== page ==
Some of my colleagues are regular users of Clojure, a JVM-based Lisp. I do like Lisp-based languages. I’ve attempted last year’s Advent of Code in Racket, and it was a great experience (although I am apparently not as great a coder as I thought I was 😢). Anyway.
JVM-based languages are normally not great for scripting, on account of the longish startup time of the virtual machine. The aforementioned colleagues have sung the praises of Babashka, which is a version of Clojure suitable for scripting “where you would use bash otherwise”.
I’ve just encountered such a problem, and wanted to use Babashka to write a little script to solve it for me.
The problem: Mixed-encoding files
The current project I’m working on uses Spring and Thymeleaf for templating. Internationalization in Thymeleaf is done via properties files. Properties files used to be encoded in ISO-8859-1 by default, but this has changed in Java 91. However, not everyone has gotten the memo: Apparently, IntelliJ still tries to encode properties files in ISO-8859-1 sometimes. When different developers with different IDE settings edit the same file, this can result in a terrible, no-good mess where you have a file that contains characters in two different encodings, namely UTF-8 and ISO-8859-1. At that point, you can’t really do anything besides manually editing the file and replacing the offending characters. I’ve provided an example file containing an ISO-8859-1 ‘ü’ character, as well as an UTF-8 ‘ä’ character. Just try running
uconv on it — both will choke, or emit replacement characters.
Some Background: Unicode in a 🥜
Unicode is complicated, so we’ll need to explain some concepts to better understand the underlying
problem. First, characters. Directly from the Unicode
standard: “Characters are the abstract
representations of the smallest components of written language that have semantic value”. Examples
would be the well-known 💩 emoji, or regular letters. Then, there’s codepoints. Unicode codepoints
are represented by a “U+”, followed by the hexadecimal value of the codepoint. Each character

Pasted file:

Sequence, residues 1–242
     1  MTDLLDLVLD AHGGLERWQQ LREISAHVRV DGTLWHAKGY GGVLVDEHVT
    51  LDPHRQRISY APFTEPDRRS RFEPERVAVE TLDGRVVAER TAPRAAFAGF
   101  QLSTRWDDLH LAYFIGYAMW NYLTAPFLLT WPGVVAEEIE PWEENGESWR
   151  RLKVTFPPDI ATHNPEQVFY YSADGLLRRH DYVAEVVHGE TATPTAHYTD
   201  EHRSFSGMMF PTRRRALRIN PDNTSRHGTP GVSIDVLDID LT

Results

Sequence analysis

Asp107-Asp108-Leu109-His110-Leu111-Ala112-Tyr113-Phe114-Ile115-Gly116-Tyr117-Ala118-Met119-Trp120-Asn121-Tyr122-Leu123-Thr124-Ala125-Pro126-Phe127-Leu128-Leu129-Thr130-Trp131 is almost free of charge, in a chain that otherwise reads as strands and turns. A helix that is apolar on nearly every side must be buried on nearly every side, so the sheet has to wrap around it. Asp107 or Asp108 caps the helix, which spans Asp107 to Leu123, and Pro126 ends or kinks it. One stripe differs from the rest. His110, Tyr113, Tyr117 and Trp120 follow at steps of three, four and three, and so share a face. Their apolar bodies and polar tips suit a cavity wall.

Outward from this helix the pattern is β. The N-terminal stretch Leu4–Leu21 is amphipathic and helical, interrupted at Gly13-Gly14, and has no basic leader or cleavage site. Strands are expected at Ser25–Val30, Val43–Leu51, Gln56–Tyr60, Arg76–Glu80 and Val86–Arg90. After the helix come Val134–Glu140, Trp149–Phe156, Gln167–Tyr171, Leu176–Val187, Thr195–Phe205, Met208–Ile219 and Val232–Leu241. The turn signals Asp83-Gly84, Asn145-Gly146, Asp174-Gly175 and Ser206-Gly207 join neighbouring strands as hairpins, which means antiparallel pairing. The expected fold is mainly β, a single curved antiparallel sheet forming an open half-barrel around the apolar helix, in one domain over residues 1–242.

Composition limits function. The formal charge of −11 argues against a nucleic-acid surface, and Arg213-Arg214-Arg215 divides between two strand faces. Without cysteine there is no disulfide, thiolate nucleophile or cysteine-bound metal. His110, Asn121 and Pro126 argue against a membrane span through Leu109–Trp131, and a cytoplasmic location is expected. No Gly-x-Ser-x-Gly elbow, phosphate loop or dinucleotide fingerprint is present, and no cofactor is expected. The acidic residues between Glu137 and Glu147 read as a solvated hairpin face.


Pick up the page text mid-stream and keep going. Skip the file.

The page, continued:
corresponds to a single code point. However, this “character” may not be visible, such as the
zero-width space, or control characters. Some characters serve only to modify other characters. For
example, an Ö can be represented by the codepoint sequence
U+308, which is the codepoint
for a letter O followed by the codepoint for a combining diaeresis2. Some characters might be
visible individually, such as the regional indicators 🇩 and the regional indicator 🇪, which together
make a flag (🇩🇪). The unicode standard does not restrict which combining characters can be combined,
and what the results are3. You can change emoji color tone with other combining characters.
There’s lots of possibilities, which also means that fonts can’t simply match unicode characters to
their own glyphs (or “user-perceived characters”). There’s lots more to know, like text direction or
grapheme clustering, but we’ll skip over that for now.
After these preliminaries about the character set, let’s talk about the encoding. Because Unicode has such a huge range, writing a codepoint takes 3 bytes in a fixed-length encoding. Three is an inconvenient number for computers, and so the UTF-32 encoding was created, where every codepoint is simply encoded as 4 bytes. However, regular text mostly uses the lower reaches of the unicode standard, with most of the world’s modern languages representable with codepoints from
UTF-16 encodes all codepoints from the BMP as two byte code units. For codepoints that fall outside the BMP, the codepoint is split into two two-byte code units that fall into regions of the BMP that are specifically reserved for this case. When decoding, if you encounter a codepoint that falls into this reserved region, read the next byte and combine them correctly to get the original codepoint. Quite simple, really.